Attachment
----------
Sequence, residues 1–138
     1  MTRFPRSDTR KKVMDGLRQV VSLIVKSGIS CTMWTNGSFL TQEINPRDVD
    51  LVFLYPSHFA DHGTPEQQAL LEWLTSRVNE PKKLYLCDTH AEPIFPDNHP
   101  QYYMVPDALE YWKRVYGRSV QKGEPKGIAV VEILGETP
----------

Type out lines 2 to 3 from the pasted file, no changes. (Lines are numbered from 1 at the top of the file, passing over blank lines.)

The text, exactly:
     1  MTRFPRSDTR KKVMDGLRQV VSLIVKSGIS CTMWTNGSFL TQEINPRDVD
    51  LVFLYPSHFA DHGTPEQQAL LEWLTSRVNE PKKLYLCDTH AEPIFPDNHP